Million-dollar penny up for auction, Bronze Age prosthetic hand found, temple to pre-Aztec "Flay Lord" uncovered.
$1 Million Penny Found In Young Boy’s Lunch Money Goes To Auction
In 1947, 16-year-old Don Lutes Jr. found a rare 1943 Lincoln penny in his lunch money while a high school student in Massachusets. The “most famous” coin is one of 20 accidentally minted copper coins, whose existence the government even denied for years. Lutes Jr. wisely held on to the penny for some 70 years until his recent death in September.
Now, the coin is going up for auction and expected to fetch anywhere from $1 to $1.7 million.
“This is the most famous error coin in American numismatics and that’s what makes this so exciting: No one really knows what it’s going to sell for,” said Sarah Miller of Heritage Auctions.
Read more here.
Ancient Bronze-Age Prosthetic Hand Discovered In Switzerland
The notion of a cyborg has been alive in well in human history for millennia, or at least the discovery of a nearly-lifesized bronze cast prosthetic hand suggests.
Originally uncovered in 2017 near Lake Biel in Bern, Switzerland by treasure hunters using metal detectors, the bronze-cast hand was brought to the Bern Archaeological Service for review along with a bronze dagger and rib bone also uncovered at the site of the metal hand.
The one-pound bronze limb features a gold foil cuff around the wrist and an attachment within that reportedly would have allowed the cast to be mounted. Radiocarbon dating was done on the glue attaching the foil to the wrist, placing the artifact from around 1,400 and 1,500 B.C. or the middle Bronze Age.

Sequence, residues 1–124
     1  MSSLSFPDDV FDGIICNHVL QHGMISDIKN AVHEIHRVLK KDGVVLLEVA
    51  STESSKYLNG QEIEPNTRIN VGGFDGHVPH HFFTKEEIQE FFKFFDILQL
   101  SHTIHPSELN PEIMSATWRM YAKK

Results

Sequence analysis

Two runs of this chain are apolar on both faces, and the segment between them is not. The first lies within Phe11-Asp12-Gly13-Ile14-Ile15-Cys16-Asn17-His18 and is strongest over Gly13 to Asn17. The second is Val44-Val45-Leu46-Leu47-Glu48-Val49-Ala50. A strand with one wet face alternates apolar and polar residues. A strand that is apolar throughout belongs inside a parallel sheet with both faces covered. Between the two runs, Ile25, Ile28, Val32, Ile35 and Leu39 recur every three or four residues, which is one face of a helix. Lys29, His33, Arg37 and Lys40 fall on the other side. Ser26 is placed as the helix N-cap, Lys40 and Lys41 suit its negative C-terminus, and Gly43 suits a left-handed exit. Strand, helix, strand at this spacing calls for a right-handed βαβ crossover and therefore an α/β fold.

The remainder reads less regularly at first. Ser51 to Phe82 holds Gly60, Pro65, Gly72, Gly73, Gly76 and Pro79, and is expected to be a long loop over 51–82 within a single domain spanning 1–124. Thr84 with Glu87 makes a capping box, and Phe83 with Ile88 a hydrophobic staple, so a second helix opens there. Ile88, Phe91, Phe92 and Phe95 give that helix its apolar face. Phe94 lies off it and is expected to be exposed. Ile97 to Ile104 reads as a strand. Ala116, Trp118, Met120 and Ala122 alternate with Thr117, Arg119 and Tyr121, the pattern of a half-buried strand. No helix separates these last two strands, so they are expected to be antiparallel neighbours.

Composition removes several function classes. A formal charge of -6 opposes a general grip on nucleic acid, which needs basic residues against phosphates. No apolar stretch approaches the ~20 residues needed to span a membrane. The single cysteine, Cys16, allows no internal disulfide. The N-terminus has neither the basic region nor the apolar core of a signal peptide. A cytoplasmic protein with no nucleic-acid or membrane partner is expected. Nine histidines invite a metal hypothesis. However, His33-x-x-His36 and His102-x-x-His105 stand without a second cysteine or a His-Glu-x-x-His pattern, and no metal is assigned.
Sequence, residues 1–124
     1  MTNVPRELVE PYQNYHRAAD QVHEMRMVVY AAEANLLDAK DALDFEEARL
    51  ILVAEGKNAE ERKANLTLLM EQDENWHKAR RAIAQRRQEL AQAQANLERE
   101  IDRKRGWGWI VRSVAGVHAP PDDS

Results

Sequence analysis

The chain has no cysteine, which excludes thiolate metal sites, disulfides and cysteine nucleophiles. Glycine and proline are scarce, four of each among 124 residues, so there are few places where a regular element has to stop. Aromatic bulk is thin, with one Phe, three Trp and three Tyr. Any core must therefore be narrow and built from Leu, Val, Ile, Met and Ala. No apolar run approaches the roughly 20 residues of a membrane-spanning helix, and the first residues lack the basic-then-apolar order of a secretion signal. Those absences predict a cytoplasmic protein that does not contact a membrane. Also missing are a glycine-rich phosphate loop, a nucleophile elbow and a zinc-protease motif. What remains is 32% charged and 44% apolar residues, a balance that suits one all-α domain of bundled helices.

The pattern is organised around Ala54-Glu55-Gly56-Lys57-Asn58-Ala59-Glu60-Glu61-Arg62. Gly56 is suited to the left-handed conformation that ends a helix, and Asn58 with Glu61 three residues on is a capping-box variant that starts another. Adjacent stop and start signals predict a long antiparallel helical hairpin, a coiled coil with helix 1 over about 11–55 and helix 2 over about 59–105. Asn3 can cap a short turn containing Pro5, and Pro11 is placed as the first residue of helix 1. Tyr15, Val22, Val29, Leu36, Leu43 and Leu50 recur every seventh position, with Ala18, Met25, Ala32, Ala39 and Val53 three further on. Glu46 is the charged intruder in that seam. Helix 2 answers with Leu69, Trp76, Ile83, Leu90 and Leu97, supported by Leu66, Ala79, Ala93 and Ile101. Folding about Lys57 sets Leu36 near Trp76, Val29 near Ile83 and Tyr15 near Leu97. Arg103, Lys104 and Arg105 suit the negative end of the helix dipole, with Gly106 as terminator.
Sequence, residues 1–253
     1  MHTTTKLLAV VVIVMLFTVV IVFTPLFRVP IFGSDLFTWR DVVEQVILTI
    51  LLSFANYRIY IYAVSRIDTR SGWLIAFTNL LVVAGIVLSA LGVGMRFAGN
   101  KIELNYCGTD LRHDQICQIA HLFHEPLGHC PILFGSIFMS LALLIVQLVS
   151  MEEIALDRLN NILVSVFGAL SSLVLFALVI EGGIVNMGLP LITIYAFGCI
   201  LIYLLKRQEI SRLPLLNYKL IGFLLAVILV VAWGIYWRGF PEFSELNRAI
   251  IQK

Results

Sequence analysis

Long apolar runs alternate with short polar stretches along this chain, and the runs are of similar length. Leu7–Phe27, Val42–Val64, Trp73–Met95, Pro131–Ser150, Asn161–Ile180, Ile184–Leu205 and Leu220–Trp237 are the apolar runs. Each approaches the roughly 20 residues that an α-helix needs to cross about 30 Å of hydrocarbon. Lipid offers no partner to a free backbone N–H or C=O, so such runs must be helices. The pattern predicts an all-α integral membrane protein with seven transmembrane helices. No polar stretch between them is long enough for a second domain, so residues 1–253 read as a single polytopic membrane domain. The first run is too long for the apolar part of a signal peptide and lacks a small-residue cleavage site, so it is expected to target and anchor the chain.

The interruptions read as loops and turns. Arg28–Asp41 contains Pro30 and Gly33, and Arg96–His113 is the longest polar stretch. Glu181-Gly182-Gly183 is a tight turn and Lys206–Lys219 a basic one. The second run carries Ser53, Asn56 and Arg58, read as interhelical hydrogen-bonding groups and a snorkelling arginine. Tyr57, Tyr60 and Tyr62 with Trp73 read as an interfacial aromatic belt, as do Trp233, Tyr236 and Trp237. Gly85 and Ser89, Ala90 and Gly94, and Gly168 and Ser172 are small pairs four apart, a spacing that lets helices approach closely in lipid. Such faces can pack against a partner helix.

Dig deeper in this report.
Archaeologists Discover Pre-Aztec Temple To “Flay Lord” Xipe Tótec, A Deity Who Desired Skinned Sacrifices
Much like the ancient Greek goddess Persephone, the Popolocan deity Xipe Totec was honored as the totem of the spring harvest in modern-day Mexico during the era before the Aztecs. But the offerings to this deity proved far more gruesome than one might think: Xipe Totec desired the skin of a human sacrifice.
Mexico’s National Institute of Anthropology and History reported the discovery during a recent excavation of the Popoloca ruins in the central state of Puebla. The temple excavation site is 12m long and 3.5m high and is a part of a compound of previously unexplored mounds from the time before the Aztecs conquered the Popoloca.
At the excavation site, two sacrificial altars and three stone sculptures dedicated to the god Xipe Totec were found. The sculptures featured two skull-like skinned heads in volcanic rock and a torso engraved with symbols for sacrificial skins.
See more in this look at Xipe Totec.